Supremacist’s North Dakota takeover plot ends with guilty plea

By MATT PEARCE | Los Angeles Times | Published: April 30, 2014

As far as racial takeover conspiracies go, Craig Cobb’s idea to conquer part of North Dakota with an army of white guys has not gone according to plan.

First, the 62-year-old supremacist’s plot to overrun the tiny town of Leith with fellow supremacists — to buy up property and win a voting majority — was exposed in August by the Southern Poverty Law Center’s Hatewatch blog.

Then, awash with national attention (and battling health code violations), Cobb went onto a daytime TV show to take a DNA test. It revealed, in front of rolling cameras, that he was actually 14 percent sub-Saharan African.

After that disclosure apparently turned at least one of his fellow supremacists against him, Cobb, along with another ally, was arrested in November for marching through town with a gun and intimidating local residents while on an ill-advised armed patrol.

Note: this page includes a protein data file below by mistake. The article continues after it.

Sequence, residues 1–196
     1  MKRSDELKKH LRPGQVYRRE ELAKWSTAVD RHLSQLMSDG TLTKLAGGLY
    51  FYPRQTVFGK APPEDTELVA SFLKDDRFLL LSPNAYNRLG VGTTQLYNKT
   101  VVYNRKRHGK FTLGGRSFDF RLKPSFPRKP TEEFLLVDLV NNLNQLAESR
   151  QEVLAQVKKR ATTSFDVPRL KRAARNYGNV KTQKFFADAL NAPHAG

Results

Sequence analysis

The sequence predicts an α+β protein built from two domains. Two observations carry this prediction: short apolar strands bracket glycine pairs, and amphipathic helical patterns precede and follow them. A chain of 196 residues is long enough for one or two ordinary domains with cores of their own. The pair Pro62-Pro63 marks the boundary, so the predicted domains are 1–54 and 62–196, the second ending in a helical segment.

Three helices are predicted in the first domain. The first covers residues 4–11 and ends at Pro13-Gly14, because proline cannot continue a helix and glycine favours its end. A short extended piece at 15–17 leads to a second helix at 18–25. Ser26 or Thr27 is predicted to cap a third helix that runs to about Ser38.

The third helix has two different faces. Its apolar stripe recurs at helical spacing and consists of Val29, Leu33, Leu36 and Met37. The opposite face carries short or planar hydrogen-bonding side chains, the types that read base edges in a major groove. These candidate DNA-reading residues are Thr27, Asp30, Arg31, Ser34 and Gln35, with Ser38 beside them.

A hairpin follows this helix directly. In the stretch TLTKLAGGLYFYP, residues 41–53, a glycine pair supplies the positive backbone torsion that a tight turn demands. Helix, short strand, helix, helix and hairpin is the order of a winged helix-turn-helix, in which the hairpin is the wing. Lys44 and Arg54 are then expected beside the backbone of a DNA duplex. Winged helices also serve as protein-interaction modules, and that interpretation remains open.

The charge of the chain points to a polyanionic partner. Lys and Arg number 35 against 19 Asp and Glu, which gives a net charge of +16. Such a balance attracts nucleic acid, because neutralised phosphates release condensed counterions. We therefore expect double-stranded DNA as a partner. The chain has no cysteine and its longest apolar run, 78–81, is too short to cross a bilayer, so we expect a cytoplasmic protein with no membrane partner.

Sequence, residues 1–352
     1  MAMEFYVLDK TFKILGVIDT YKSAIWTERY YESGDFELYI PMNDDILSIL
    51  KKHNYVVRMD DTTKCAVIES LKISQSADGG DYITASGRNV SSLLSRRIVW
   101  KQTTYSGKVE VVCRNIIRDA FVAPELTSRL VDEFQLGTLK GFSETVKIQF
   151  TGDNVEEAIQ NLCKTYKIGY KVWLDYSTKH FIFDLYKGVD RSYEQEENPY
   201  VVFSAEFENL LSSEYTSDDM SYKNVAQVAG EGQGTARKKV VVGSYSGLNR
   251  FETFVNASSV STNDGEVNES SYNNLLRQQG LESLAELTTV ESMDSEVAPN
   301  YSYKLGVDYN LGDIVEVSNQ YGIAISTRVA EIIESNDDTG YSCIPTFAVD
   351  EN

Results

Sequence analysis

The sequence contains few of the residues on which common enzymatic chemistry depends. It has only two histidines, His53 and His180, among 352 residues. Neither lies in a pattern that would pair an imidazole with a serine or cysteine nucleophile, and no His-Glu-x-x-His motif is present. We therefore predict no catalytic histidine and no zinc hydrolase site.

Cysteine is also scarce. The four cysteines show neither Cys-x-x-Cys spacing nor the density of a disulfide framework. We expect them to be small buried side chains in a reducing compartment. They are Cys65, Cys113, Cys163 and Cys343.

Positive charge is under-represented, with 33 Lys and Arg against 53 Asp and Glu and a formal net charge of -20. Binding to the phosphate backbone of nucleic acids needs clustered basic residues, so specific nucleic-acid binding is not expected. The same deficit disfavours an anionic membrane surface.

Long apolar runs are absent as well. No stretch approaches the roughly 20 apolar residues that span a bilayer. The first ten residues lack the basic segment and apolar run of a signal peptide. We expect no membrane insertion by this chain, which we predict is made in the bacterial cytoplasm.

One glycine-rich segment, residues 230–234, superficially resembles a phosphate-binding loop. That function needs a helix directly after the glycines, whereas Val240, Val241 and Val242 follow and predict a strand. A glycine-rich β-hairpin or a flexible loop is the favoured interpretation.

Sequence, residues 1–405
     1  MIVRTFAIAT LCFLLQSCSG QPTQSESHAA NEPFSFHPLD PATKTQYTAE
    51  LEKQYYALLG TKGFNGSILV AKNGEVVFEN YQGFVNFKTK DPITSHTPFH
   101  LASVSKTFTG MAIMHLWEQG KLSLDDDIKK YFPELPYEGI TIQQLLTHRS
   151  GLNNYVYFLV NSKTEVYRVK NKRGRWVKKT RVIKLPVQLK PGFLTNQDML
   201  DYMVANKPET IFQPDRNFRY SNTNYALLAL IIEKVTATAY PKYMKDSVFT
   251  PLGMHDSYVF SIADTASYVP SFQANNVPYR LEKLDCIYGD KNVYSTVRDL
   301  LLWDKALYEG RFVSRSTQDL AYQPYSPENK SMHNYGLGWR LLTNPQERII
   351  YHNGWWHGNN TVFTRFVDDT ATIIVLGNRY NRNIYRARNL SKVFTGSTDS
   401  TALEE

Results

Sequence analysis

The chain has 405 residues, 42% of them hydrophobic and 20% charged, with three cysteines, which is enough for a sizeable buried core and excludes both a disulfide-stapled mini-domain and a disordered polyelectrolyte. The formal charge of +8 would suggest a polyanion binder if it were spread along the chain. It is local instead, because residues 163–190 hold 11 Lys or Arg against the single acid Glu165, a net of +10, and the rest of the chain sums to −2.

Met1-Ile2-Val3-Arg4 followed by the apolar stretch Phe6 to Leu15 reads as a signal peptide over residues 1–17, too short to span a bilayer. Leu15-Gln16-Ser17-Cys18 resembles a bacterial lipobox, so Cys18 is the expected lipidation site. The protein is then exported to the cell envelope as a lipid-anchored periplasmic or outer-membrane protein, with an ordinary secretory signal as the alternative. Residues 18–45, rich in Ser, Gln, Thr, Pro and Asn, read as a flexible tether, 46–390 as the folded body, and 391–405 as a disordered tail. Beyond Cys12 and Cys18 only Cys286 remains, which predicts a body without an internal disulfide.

Now, Cobb is apparently abandoning North Dakota. After making a deal with the prosecutor Tuesday, Cobb pleaded guilty to one count of felony terrorizing and five counts of misdemeanor menacing.

The Bismarck Tribune reported that a judge ordered Cobb released for time served, on four years’ supervised probation, with Cobb planning to move his probation to Missouri so he can care for his mother.

The prosecutor handling the case, Todd Schwarz, and Leith’s mayor, Ryan Schock, could not immediately be reached for comment. (The Los Angeles Times also couldn’t immediately reach an attorney for Cobb, who has burned through at least three public defenders.)

According to an interview with The Associated Press earlier this month, Cobb said he plans to “retire from white nationalism” because he’s tired of the spotlight.

That would perhaps be a wise move, given that one of his associates and fellow supremacists, Frazier Glenn Miller Jr., 73 — also known as Frazier Glenn Cross Jr. — is facing murder charges after a shooting rampage at two Kansas City, Mo.-area Jewish facilities claimed the lives of three people.

Cobb reportedly spoke to Miller in a jailhouse phone call just before the rampage, and he told reporters that Miller had given no sign that he was planning an attack.


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